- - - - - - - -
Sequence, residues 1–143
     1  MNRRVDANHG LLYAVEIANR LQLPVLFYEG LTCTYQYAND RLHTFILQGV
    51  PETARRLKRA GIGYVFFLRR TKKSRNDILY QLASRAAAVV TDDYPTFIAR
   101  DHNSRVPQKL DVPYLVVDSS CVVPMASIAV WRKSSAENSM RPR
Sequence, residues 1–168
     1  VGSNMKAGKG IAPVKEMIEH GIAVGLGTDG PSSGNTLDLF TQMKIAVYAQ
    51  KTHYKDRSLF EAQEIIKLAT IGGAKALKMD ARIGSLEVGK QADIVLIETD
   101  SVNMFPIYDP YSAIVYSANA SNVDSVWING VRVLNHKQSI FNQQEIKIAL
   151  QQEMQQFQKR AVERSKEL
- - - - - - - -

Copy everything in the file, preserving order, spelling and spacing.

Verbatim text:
Sequence, residues 1–143
     1  MNRRVDANHG LLYAVEIANR LQLPVLFYEG LTCTYQYAND RLHTFILQGV
    51  PETARRLKRA GIGYVFFLRR TKKSRNDILY QLASRAAAVV TDDYPTFIAR
   101  DHNSRVPQKL DVPYLVVDSS CVVPMASIAV WRKSSAENSM RPR
Sequence, residues 1–168
     1  VGSNMKAGKG IAPVKEMIEH GIAVGLGTDG PSSGNTLDLF TQMKIAVYAQ
    51  KTHYKDRSLF EAQEIIKLAT IGGAKALKMD ARIGSLEVGK QADIVLIETD
   101  SVNMFPIYDP YSAIVYSANA SNVDSVWING VRVLNHKQSI FNQQEIKIAL
   151  QQEMQQFQKR AVERSKEL